Completing the Circle

When Robbie's mom passed away, there were five people in the room. Vera (Robbie's mom), Jack (Robbie's stepdad), Toby (Robbie's brother), Robbie and me. It was something I found myself oddly suited for, being the odd man out, the one who hadn't known Vera for that long and supporting the ones around me as she passed on. I rubbed her feet, gave her wet sponges to suck on, brushed her hair, and told her it was okay to go. And she did.

After she passed, I straightened her legs, closed her eyes, and placed her hands in a peaceful position. I made Robbie and his brother eat something. Hugged and cried with those around me. I made the calls to let people know she was gone. It was a sacred role, and one that I will treasure for the rest of my life.

Last night, I stepped into the role of support again, but this time in a very different situation. My first doula client was in labour, and I got to be there to support her and her husband through the birth of their first baby. It was a fast labour. She was eight centimetres by the time we got to the hospital, and the baby was born only two hours later, a beautiful boy.

Again, I find myself oddly suited to this job, and I saw some striking parallels. I held mom's hand, rubbed her back and gave her sips of water and ice chips. I let her know what was going on, when baby was *almost* there. I let her know it was okay to be scared, and okay to make the jump into motherhood. And she did.

After the birth, I took pictures, hugged the new parents, admired the new arrival and stayed to talk them through their first few minutes as parents, how to hold baby, try and decide who he looks most like. The entire way home, I kept thinking to myself, "I watched his first gasp of air and heard his first cry." I thought it over and over, because it was such a huge honor to be there to see and hear it.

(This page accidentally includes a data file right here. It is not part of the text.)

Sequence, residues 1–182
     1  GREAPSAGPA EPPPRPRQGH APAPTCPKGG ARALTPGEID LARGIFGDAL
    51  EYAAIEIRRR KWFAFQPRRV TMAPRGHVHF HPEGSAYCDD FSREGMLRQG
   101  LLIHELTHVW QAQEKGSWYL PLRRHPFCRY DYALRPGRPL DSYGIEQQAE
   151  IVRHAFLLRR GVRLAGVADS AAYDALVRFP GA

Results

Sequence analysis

It was a sacred role. I will not forget it.


Elodie's Sweater

While I (im)patiently await the labour of my first client (I have three for this month), I knit my daughter a sweater. This is only the third thing I've ever knit the poor kid. You'd never guess she was the daughter of a knitter.

Elodie sweater

I knit this without a real pattern, just loosely based on the Snug that I knit for my cousin's baby. I cast on 64 stitches, used 20 for the arm holes, and nixed the hood, opting for a little scoop neck instead. It's quite cute, if I do say so myself. Of course she's thrilled.

The one thing she specifically asked for was thumb holes. I put those in for her on the sleeves to keep the sweater from exposing little wrists in the cool spring and falls. It fulfills my requirements for a sweater in that it's easy enough to make it bigger. The sleeves have plenty of length, and I can easily unpick the button edge and expand the front. Depending on how big she gets and how quickly I can even cut the back, pick up the exposed stitches, extend the back and kitchener together.

Elodie sweater 2

There's nothing quite so nice as a cuddly sweater on a cold day, and we've had plenty of cold days here lately. I've already cast on the next sweater, despite having not finished my Royale yet (damn you, second sleeve!). My grandfather was in the hospital this past week with an infection in his spine due to an epidural they gave him for back pain (he's had chronic back pain for 40 years). I decided the man needs a warm sweater. He's seriously one of the kindest people ever, but he never complains. Ever. Despite not having slept more than four hours a night for the last 20 years because of his pain, despite needing frequent baths each day to help combat it, he never complains.

I called him this past week and asked how he was feeling. "Terrible," he said. "I'm really hurting right now." That's when you know it's awful. It was rather shocking to hear him admitting to not being okay. So the man deserves miles of stockinette, hours and hours of work, and a continual woolly hug from me, his first grandchild.